White Skin Tones
Learn how to mix skin tones and painting convincing flesh tones is one of the challenges of portrait painting. With all honesty it cannot be achieved by using tubes of flesh tint and portrait pink if you are painting white skinned people. Skin is not the same colour all over, it has nuances of colour and light and shade, so mixing skin tones is always the best policy. In this article I shall concentrate on acrylic colours.
There are lots of factors that influence skin tones. The most important is the local colour of the skin (ethnicity). The amount of light effects highlights and shadows and the lightness and darkness of the skin, especially under the eyes.
I tend to use a standard mix for European (white) faces of titanium white, lemon yellow and red oxide for the cooler tones. For warmer tones I use titanium white, cadmium yellow, and light red/burnt sienna . From these colours I create the basic structure of the face. It is always a good idea when mixing skin tones to start with the white, add a little yellow before finally adding a very small amount of red. For pink highlights, I use titanium white and permanent rose for the cooler highlights and titanium white and pyrrole red for the warmer tones.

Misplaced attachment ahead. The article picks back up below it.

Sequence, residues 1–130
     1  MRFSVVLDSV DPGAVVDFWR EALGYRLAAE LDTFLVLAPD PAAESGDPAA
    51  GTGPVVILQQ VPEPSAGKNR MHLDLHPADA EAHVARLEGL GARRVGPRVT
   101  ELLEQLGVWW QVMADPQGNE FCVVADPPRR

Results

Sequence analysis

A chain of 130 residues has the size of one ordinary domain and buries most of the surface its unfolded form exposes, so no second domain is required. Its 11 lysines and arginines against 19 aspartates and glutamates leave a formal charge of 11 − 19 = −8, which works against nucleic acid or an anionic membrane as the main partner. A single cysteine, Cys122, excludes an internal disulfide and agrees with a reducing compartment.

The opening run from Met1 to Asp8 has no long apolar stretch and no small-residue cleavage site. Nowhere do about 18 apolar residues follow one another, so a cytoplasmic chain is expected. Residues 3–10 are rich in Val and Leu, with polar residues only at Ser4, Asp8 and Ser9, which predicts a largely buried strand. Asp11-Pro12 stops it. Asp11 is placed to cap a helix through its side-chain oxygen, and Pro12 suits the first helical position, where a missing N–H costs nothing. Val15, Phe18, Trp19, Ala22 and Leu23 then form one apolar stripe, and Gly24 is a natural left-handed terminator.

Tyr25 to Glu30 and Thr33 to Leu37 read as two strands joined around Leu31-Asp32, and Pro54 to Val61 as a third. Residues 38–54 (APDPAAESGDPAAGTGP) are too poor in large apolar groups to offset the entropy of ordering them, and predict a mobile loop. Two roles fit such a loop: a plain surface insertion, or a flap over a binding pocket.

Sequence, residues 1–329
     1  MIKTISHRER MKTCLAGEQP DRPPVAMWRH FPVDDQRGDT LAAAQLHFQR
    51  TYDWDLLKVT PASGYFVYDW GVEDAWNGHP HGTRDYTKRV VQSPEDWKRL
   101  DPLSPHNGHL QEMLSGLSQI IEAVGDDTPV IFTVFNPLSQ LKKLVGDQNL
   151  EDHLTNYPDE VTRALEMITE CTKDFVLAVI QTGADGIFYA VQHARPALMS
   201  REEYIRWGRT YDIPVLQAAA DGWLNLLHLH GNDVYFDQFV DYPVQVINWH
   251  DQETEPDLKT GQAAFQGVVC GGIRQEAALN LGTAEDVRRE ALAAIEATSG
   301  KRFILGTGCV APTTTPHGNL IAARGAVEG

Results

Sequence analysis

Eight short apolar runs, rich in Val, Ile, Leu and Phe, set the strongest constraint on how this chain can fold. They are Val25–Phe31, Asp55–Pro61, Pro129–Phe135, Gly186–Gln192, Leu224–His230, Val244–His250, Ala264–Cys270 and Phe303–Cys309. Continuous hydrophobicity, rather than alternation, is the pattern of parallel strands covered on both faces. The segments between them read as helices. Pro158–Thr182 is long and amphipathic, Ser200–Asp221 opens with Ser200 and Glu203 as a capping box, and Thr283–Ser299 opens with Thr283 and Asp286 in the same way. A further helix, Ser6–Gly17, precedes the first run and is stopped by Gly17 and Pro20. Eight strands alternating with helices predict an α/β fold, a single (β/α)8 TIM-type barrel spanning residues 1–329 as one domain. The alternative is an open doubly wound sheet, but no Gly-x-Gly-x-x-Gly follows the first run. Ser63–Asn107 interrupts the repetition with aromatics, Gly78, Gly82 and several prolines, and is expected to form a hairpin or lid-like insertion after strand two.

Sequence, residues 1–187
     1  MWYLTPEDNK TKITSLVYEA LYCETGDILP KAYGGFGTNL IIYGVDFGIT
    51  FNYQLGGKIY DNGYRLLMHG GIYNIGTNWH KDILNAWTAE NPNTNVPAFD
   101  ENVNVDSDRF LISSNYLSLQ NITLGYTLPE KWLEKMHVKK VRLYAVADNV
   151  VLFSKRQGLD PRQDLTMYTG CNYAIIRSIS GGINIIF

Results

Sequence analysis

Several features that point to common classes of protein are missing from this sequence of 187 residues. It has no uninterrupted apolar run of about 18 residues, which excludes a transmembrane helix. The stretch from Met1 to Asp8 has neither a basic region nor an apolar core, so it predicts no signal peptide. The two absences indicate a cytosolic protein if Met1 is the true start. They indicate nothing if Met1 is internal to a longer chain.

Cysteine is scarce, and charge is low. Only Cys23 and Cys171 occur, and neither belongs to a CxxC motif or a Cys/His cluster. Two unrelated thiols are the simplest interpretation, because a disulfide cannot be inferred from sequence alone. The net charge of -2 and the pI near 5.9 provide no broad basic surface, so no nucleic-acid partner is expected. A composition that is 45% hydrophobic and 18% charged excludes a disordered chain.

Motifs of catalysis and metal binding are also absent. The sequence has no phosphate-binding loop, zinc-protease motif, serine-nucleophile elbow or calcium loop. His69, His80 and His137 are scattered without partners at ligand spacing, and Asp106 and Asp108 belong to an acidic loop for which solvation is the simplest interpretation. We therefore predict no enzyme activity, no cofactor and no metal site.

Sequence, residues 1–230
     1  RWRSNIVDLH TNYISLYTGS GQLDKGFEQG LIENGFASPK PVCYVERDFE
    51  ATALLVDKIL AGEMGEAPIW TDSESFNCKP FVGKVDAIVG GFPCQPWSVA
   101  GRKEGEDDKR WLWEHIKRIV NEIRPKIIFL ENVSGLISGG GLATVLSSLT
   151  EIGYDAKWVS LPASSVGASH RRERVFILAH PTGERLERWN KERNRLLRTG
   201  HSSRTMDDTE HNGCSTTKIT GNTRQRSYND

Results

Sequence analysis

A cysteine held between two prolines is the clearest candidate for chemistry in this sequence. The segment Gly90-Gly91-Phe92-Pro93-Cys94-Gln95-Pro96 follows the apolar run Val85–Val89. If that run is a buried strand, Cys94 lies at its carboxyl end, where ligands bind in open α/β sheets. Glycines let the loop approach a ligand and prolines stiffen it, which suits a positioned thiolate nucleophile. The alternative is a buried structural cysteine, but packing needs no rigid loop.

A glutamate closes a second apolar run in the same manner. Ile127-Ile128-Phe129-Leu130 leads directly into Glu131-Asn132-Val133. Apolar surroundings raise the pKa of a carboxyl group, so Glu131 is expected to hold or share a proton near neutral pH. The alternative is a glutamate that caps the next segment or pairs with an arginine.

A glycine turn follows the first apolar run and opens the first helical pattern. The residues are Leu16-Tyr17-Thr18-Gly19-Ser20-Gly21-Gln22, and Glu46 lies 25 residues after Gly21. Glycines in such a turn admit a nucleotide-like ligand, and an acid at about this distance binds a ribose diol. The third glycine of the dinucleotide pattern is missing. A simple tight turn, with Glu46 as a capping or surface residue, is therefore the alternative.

Brown/Black Skin Tones
For darker skinned faces I would mix a range of skin tones based around, ultramarine, burnt sienna, cadmium red light and white. The dark tones can be achieved by mixing ultramarine and burnt sienna which gives an almost cool purple which works very well.
Remember the most important thing about painting a face as it is with almost anything, is getting tonal values correct. The actual colours you use is secondary. Look at faces painted by Matisse who often uses greens, reds, purples, blues and orange. Also you do need to know whether the colours you are using are cool, for example, (red oxide) or warm (light red, burnt sienna). As a simple guide colours that move towards the blue side of the colour wheel are cool and those towards the red are warm.
Want to learn more about colour mixing? Check out my tutorial on Colour Ideas for your Painting
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